Great Satan’s Girlfriend reminded me of something that I had spaced off. Today is the anniversary of Count Claus Schenk von Stauffenberg’s attempted assassination of Adolph Hitler. The history of the operation has sort of a Keystone Kops feel about it – nothing went really right for them, and Hitler survived. Here let’s let Courtney tell the story:
Valkyrie is an ancient viking superstition. When brave Norsemen fell in battle (often raiding parties) these hotties with their mammoth shields would appear on winged horses and tote off the fallen to heathen heaven – Valhalla.
Despite oathbreaking, defacing images of gods and wickedness in general – all would be forgiven by success in combat – especially if the offender died a heroic saga inspiring death.
Claus Schenk was a real European blue blood aristocrat. Awarded nobility back in the Holy Roman Empire days ( funny though – HRE was a triple no go – it was neither Holy, Roman or an Empire) the family became von Staffenberg.
In WWII time Deutschland, Valkyrie was code for the Nazi party to maintain control of the Reich in the event of a catastrophic disaster that killed or incapacitated the leadership.
By summertime 1944, 3rd Reich was facing the horrible modern era manifestation of von Gneisenau and von Scharnhorst’s ultimate nightmare – the multi front war.
Allies had captured Rome and were grinding their way up the bloody Eyetye boot of Italy, Allies were fixing to bust out of the Normandy bocage and unleash Great Satan’s panzer General Patton.And the largest defeat in modern history – the destruction of Armee Gruppe Centre saw the annihilation of 20 irreplacable German divisions in a massive Soviet blitz that drove Germany out of Russia and vaulted the Red Army right outside Warsaw.
Despite Allied claims that only unconditional surrender would satiate the Allied and Russian thirst for righteous payback, a clique of Wehrmacht officers plotted a coup d’tat’ against 3rd Reich in an effort to spare Germany ultimate defeat and dismemberment using the contingency plan of ‘Valkyrie’.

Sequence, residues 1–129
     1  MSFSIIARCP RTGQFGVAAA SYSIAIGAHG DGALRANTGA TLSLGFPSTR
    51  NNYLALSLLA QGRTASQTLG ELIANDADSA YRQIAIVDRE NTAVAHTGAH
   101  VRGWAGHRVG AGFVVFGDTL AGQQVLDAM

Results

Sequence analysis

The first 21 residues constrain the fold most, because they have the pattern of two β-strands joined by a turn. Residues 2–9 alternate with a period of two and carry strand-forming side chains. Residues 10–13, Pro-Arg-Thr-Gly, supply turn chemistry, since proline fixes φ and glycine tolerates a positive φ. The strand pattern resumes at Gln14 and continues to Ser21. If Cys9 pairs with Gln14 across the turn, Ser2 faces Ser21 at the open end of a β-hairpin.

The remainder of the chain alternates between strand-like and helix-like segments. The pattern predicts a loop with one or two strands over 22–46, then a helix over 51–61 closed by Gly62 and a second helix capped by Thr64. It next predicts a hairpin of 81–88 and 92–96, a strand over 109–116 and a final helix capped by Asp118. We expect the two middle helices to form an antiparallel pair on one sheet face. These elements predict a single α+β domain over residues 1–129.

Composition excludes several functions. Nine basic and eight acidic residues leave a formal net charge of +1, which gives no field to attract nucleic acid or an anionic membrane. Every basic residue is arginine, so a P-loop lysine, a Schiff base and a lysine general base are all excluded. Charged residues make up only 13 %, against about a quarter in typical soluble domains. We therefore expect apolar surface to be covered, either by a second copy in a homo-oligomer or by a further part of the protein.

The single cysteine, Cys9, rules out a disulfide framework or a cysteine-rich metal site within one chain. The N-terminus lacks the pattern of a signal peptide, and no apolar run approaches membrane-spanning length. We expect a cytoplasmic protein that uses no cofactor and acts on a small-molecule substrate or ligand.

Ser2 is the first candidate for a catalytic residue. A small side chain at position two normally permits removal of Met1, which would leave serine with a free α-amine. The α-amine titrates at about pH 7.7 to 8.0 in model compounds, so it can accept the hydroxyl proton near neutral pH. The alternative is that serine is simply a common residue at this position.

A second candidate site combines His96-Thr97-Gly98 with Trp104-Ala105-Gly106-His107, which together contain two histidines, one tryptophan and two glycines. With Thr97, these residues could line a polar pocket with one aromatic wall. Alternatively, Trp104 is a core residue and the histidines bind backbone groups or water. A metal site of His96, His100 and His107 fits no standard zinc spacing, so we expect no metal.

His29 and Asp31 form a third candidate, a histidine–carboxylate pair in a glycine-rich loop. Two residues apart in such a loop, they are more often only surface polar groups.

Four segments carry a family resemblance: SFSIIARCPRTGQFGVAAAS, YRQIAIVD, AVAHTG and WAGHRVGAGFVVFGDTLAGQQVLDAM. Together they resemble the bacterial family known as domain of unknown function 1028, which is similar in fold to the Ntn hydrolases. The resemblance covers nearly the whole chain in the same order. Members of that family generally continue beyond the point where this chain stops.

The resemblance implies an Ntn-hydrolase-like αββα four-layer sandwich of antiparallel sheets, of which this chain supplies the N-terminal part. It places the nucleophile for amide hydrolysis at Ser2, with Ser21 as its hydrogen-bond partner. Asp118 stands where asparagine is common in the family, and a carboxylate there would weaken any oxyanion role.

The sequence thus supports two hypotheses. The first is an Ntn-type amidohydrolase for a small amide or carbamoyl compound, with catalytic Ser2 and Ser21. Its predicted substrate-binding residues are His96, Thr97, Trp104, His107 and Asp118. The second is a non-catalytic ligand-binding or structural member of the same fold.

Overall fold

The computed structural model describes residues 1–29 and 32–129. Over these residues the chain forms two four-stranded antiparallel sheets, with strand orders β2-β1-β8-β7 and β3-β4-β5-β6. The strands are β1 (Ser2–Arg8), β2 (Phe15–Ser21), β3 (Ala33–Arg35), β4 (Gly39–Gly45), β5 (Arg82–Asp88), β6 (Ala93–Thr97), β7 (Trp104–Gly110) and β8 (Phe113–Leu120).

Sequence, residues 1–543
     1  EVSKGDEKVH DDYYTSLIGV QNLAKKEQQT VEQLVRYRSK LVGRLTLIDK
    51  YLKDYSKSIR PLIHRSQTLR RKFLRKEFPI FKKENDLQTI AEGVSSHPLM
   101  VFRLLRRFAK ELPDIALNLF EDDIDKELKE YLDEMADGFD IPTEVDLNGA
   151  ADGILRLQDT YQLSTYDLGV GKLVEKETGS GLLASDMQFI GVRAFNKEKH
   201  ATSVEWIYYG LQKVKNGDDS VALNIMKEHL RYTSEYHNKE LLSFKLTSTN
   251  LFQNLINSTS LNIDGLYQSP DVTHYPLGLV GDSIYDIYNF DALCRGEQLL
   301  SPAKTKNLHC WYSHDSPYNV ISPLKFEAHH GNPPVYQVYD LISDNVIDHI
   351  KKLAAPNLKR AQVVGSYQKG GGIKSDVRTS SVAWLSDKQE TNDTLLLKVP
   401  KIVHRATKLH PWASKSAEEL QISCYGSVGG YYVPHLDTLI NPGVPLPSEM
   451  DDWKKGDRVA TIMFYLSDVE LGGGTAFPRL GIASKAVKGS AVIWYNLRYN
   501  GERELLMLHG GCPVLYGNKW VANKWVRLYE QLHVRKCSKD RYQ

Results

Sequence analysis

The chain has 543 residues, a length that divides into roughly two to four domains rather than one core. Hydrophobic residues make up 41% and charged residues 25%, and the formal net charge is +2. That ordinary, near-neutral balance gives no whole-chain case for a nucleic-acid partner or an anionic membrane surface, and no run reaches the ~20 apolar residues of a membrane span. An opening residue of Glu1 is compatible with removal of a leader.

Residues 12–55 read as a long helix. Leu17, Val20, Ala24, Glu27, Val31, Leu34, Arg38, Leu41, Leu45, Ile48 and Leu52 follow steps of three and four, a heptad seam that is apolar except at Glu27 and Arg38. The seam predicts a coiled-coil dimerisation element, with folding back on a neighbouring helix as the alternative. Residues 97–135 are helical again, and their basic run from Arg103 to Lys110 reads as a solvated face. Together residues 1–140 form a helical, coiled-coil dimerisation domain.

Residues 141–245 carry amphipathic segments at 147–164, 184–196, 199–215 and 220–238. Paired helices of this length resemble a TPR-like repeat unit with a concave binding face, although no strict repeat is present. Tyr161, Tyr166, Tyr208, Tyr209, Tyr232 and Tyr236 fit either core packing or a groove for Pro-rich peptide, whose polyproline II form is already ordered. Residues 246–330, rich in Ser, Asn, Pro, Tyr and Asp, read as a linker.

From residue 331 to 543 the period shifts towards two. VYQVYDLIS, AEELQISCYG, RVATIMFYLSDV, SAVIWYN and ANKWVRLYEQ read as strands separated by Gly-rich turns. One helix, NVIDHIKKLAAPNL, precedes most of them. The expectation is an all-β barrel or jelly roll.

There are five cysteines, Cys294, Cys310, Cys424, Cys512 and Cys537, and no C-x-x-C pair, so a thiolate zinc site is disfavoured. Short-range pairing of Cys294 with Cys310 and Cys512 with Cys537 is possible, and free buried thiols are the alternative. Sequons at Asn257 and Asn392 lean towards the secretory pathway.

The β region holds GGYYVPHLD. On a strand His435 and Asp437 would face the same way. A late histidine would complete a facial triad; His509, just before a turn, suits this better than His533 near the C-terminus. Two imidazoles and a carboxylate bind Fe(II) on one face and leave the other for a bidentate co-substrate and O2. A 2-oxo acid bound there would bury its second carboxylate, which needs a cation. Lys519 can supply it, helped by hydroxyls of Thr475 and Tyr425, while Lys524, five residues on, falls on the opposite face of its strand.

Germany’s armed forces had to swear a ‘holy oath’ – not to the state or nation or a constitution – but to der fuhrer personally. In order for the plot to work – der fuhrer had to be killed. Valkyrie also planned trying the wartime leaders of 3rd Reich for war and humanitarian crimes, working out reparations with the allies and bringing Germany back into the family of nations.
Claus Schenk von Stauffenberg was a panzer officer that had fought in Poland, France, Russia and with the famous ‘Afrika Korps’.
Suffering debilitating wounds from combat – losing an eye, a hand and three fingers, Claus and his co conspirators – facing the truth of the regime they so valiantly served – tried in their own way to rectify their sins – singular and collective.
Valkyrie energized the evil leaders of 3rd Reich, anyone connected with the cats of the coup were ruthlessly hunted down, tormented and slain.
And so, the plot failed, and the war went on, as described in the link, until Götterdamerung, the next April.
But it could arguably have worked and it was the last gasp of the old ‘Good Germany’ not to mention the old Prussian Jünkers, who at the last tried to do the only sensible thing. While he was actually not involved was Feldmarschall Rommel, who had built a very good reputation (even amongst his opponents) in the African campaign, was force to commit suicide because of it.
I mention it here because it also killed one of the best Lutheran theologians of the twentieth century, Dietrich Bonhoeffer, who was implicated as well. He was hanged on 9 April 1945, at Flossenbürg concentration camp. He was not hanged in the normal, reasonably merciful way, that we think of. He was taken, naked, into the courtyard of the fortress, it took him about six hours to die. Reports of the exact way the execution was carried out vary.
Two weeks later the US 90th and 97th Infantry divisions liberated the camp.
The last message we know of him was passed to asked an English prisoner Payne Best to remember him to Bishop George Bell of Chichester if he should ever reach his home: “This is the end—for me the beginning of life.”
The Deutsche Evangelische Kirche in Sydenham, London, at which he preached between 1933 and 1935, was destroyed by bombing in 1944. A replacement church was built in 1958 and named Dietrich-Bonhoeffer-Kirche in his honor.
And he is remembered as both a theologian and a martyr by United Methodist Church, Evangelical Lutheran Church in America and several church members of the Anglican Communion including the Episcopal Church (USA).